It took only a short while to reach the hill; I felt heavily cheated that my sons own father would not even let me saviour these last precious moments. The crowds surged forwards, circling the horrifying scene, the hum of voices strung around my head. His drained figure was hoisted upwards onto the crucifix, and I had to temporarily close my eyes in repugnance. The blend of pained cries and overjoyed voices echoed throughout the searing afternoon air. The screams stopped – I dared to look.
 My sons hands and feet, nailed with imprisonment to the crucifix he was only just ridden of. Blood dripped from the 3 spots, staining the ground with a pool of red as they did. His head lolled forwards, with a crown of thorns imbedded in his skull. It was the sign that he had accepted his defeat, his denunciation. Now, he wished to abide by whatever was bestowed upon him, I knew, to rid this world of insanity and evil; to rid this world of its thorns. They wanted to disgrace him, hang him upon a cross for all to see. Only the worst of all criminals are sentenced to death upon the cross. The chief of the Jews wished to disgrace him forever by ending in his life in such a cruel fashion. I would stay until the end; I would stay until the world’s saviour departed.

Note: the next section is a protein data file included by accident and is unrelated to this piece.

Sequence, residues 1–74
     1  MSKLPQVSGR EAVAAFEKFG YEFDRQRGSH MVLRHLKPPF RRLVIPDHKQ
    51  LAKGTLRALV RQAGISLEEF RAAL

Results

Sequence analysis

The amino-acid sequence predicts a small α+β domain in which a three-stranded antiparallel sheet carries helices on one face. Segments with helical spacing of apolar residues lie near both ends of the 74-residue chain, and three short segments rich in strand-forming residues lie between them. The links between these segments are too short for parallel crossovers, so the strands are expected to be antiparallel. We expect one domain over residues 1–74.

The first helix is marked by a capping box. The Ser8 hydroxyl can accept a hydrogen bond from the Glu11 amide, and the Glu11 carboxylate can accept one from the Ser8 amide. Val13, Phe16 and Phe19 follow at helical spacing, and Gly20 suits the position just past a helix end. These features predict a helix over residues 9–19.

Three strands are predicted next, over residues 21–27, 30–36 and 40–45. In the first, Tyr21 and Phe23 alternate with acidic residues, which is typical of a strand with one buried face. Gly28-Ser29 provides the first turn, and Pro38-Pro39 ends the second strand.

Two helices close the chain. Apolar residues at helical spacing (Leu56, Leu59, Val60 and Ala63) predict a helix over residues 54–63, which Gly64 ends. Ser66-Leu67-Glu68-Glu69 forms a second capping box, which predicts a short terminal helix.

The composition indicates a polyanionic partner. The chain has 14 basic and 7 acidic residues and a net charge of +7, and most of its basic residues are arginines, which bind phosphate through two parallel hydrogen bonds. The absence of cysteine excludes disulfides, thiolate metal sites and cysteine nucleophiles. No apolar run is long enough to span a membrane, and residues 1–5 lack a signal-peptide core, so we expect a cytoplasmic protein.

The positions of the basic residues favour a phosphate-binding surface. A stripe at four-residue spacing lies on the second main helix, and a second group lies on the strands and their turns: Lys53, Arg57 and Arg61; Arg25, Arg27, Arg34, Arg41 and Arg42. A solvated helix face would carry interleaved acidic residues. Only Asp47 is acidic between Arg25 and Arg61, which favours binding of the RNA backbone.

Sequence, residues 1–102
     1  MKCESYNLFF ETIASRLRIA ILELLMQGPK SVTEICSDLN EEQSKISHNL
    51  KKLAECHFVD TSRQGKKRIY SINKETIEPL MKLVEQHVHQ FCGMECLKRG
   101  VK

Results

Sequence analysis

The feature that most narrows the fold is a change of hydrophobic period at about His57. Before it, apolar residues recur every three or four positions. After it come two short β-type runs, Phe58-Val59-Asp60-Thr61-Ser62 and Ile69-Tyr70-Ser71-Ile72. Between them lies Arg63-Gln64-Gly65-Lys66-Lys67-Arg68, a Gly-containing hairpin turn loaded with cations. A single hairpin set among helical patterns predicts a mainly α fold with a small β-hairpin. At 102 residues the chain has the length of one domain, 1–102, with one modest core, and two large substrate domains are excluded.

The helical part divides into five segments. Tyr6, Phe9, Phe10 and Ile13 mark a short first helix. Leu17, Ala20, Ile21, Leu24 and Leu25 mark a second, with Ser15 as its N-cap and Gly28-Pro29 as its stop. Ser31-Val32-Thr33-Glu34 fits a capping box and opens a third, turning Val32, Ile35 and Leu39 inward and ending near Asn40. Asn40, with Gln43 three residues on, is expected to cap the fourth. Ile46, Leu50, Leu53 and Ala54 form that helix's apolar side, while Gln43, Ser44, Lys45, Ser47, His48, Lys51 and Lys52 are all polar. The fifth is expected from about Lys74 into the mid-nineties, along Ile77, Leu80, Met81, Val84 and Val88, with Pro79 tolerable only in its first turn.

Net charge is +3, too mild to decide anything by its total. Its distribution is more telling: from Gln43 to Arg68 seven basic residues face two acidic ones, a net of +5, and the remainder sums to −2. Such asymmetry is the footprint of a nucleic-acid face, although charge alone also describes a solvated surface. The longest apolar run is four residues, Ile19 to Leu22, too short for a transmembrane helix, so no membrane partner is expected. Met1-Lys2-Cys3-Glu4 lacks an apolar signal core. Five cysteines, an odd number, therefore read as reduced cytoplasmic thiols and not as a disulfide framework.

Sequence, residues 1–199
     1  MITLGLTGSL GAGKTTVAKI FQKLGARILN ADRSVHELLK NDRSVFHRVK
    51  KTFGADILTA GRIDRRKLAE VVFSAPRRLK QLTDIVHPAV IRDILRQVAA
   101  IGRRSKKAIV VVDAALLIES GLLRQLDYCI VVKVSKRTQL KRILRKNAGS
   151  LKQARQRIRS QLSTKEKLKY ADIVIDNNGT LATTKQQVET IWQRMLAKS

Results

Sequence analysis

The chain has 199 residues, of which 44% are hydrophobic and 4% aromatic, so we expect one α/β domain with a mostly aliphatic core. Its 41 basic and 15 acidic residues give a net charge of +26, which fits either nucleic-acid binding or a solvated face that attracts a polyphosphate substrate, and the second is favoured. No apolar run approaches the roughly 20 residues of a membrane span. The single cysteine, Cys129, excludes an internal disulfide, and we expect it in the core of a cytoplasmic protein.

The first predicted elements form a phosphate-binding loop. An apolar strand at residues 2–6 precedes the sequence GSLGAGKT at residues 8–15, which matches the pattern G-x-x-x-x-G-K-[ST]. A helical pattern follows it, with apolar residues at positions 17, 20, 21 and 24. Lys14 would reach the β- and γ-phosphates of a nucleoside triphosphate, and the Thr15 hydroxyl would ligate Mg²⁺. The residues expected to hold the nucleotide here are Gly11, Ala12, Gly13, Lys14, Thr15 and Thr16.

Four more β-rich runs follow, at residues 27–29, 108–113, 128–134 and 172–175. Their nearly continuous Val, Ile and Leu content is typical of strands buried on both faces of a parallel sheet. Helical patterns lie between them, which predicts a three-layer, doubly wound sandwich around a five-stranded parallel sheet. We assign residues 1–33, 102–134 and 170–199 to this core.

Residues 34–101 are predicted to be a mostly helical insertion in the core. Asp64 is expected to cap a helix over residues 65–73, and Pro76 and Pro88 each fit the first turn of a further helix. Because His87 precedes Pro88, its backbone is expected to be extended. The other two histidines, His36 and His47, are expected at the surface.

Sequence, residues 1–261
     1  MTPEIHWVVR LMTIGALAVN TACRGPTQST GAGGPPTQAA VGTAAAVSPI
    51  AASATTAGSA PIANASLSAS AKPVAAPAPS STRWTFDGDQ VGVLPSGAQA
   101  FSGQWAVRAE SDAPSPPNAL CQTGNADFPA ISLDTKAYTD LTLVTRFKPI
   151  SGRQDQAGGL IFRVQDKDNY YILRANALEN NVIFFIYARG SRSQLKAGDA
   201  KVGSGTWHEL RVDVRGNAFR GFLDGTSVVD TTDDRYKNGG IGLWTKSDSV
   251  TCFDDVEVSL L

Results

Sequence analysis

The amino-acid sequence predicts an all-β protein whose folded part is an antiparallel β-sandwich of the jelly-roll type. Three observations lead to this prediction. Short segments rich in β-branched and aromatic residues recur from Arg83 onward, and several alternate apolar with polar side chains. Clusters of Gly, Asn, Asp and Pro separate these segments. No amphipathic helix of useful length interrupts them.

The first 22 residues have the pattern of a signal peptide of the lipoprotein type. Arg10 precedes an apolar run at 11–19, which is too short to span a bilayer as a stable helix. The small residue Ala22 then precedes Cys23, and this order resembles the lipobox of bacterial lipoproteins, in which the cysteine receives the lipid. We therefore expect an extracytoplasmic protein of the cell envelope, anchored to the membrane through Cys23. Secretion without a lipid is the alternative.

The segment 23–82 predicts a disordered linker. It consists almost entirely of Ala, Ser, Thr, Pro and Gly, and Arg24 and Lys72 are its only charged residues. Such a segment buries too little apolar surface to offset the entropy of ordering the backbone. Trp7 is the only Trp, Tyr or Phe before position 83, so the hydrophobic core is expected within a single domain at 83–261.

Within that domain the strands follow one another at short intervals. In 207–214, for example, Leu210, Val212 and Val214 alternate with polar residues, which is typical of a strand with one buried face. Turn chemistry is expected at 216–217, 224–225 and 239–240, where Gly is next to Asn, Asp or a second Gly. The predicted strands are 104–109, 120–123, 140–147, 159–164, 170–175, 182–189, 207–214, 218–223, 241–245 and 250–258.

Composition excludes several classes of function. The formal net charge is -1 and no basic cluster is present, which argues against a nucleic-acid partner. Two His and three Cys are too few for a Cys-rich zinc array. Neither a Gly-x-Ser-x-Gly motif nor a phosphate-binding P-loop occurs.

Many days had gone. People came and people went. Abuse was shouted and tears were shed. I remained below his feet, the pools of blood upon the floor growing larger each day. I prayed for the end. I prayed for my son to find the heavens. Then, on the sixth day, my prayers were answered. The soldiers marched with haste in their step and fatality in their eyes. They came with a purpose, and my son sensed it. His head struggled upwards, for he had refused all offers of food and drink. The exhaustion of the man was obvious in everybody’s eyes. A rally of spears protruded out towards his body. Once more, I could do nothing. My eyes by some means managed to lock with his. I nodded my head to him, trying desperately to restrain the tears threatening to leak from my eyes. A faint smile pushed its way onto his lips. With that, I knew, was good-bye.  The first of the spears plunged forwards into his chest, blood jacketing the hard ground. I could not hold back the tears any longer. The attacks continued to batter his body. They were selfless, evil and heartless. However, my son was dying to save the very people such as those in front of me. It was hard to believe.
“Father, forgive them; for they know not what they do!” poured from his mouth, in a high, hysterical demeanour. One last spear jolted through his body, and then nothing. His body sunk forwards, limp and cold. He was dead. The blood continued to mark the floor as his soul passed upwards towards the place where he belonged. I glanced one last time at the sign above his head. It read Jesus Nazarenus, Rex Iudaeorum, "Jesus the Nazarene, King of the Jews." It was in fact, incorrect. Jesus was The King of everybody. My son was in everybody’s hearts, and as I walked away, my head bowed; not only in indignity and defeat, not only in abhorrence or vehemence, but in freedom and in pride.